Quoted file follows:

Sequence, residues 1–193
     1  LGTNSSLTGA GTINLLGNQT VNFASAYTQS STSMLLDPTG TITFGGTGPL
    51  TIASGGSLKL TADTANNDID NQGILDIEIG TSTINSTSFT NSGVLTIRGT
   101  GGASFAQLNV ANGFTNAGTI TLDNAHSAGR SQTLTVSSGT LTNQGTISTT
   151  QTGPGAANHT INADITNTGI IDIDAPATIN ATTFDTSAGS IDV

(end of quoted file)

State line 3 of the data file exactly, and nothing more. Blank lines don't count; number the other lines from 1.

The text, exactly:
    51  TIASGGSLKL TADTANNDID NQGILDIEIG TSTINSTSFT NSGVLTIRGT